(***Spoiler Alert for "Becoming Part 1" and "Becoming Part 2"***)
Buffy the Vampire Slayer constantly opposes common gender stereotypes. The series's very first scene shows a blonde, seemingly innocent woman as the predator and a strong, muscular man as the victim, breaking gender barriers from the very start. While watching episodes in seasons one and two, I was surprised by each scene's outcome. Rather than being predictable and sticking to social norms, Buffy continually keeps the viewer on the edge of his or her seat and never keeps with common gender classifications.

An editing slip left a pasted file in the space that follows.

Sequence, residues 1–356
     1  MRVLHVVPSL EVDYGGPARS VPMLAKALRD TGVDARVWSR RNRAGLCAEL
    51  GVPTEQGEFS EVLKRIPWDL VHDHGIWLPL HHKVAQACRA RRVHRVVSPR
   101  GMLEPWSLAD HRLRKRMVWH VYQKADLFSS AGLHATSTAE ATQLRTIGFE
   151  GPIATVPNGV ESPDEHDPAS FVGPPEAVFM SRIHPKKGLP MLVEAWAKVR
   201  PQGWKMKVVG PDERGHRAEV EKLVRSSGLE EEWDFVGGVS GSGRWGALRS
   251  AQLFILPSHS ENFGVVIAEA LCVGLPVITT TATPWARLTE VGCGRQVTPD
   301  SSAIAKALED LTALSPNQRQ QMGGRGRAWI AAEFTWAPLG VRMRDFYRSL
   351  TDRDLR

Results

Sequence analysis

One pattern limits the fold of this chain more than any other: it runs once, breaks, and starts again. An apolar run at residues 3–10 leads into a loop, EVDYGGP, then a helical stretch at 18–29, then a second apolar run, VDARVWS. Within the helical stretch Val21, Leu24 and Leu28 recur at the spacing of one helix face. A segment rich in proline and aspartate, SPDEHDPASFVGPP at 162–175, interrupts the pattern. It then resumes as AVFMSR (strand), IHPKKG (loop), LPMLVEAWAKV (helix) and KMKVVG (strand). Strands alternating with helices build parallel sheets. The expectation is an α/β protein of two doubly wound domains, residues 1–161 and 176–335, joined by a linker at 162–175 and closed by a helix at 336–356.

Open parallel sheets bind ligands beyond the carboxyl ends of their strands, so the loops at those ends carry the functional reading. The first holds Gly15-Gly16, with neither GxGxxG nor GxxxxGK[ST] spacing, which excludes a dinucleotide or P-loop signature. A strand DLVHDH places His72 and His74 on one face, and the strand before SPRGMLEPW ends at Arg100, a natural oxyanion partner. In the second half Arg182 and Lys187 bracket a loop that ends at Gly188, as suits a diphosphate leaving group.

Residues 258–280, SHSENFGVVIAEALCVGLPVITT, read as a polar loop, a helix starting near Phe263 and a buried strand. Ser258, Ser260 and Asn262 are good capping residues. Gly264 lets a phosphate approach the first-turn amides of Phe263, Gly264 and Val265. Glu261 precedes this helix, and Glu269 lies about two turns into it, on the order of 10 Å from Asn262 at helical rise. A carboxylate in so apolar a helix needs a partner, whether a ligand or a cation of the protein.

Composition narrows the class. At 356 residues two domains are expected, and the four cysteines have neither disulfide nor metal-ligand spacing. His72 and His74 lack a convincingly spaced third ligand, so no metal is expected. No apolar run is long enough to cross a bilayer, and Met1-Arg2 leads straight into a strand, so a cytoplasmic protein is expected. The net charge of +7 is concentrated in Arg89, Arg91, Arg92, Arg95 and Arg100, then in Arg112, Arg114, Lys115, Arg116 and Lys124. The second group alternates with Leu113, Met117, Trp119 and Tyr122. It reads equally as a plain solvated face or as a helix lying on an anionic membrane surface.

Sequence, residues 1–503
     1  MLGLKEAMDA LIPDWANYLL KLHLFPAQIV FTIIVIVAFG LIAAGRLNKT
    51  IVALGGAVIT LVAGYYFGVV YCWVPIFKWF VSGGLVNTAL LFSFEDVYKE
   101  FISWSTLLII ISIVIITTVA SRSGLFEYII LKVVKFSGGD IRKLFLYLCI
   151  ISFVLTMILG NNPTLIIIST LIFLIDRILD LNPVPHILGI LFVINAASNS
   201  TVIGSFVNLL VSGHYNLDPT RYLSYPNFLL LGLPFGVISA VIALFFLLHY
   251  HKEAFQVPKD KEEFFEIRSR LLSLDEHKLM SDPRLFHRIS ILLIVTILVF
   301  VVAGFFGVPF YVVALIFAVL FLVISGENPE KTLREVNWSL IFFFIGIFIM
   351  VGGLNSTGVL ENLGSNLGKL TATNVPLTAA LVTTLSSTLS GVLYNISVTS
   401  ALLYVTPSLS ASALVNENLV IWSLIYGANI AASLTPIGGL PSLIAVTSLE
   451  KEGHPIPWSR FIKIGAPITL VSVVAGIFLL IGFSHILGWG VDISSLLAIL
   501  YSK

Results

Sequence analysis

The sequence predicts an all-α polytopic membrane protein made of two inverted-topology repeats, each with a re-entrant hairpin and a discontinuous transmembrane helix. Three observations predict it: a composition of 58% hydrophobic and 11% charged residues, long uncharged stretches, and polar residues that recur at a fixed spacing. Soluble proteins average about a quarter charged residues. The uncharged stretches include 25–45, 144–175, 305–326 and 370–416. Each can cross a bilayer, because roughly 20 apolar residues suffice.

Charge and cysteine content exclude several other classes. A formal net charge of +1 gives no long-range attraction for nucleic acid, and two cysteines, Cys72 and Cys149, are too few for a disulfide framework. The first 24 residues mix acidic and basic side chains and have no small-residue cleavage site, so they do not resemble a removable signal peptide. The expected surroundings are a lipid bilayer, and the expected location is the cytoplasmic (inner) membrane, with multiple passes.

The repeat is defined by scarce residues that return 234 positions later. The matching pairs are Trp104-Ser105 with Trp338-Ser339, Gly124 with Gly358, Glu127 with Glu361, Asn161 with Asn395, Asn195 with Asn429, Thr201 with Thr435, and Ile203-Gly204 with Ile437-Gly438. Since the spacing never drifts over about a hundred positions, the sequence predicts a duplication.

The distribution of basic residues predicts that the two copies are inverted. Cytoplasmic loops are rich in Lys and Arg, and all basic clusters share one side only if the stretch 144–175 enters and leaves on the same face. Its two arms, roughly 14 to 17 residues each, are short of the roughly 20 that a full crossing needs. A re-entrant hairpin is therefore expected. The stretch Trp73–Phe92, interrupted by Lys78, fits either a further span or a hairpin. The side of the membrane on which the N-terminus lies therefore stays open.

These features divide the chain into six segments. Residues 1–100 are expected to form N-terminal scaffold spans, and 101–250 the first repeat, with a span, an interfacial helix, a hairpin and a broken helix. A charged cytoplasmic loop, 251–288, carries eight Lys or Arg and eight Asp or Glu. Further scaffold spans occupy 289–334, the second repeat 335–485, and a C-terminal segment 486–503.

One scene that shows such opposition to common gender stereotypes is the climax of "Becoming Part 2," when Buffy stabs Angel into Acathla and sends him into hell to close the vortex. Even though Buffy knows that Angel is back, she must give up her own happiness to save the world. In many other television shows, the main character would end up with her love. However, Buffy shows a different result. Buffy's strength is undeniable in this scene. She sacrifices love and happiness, something the "usual" teenage girl would not do. She is not a love-sick, weak girl, but a strong, independent heroine, and thus, opposes common gender classifications.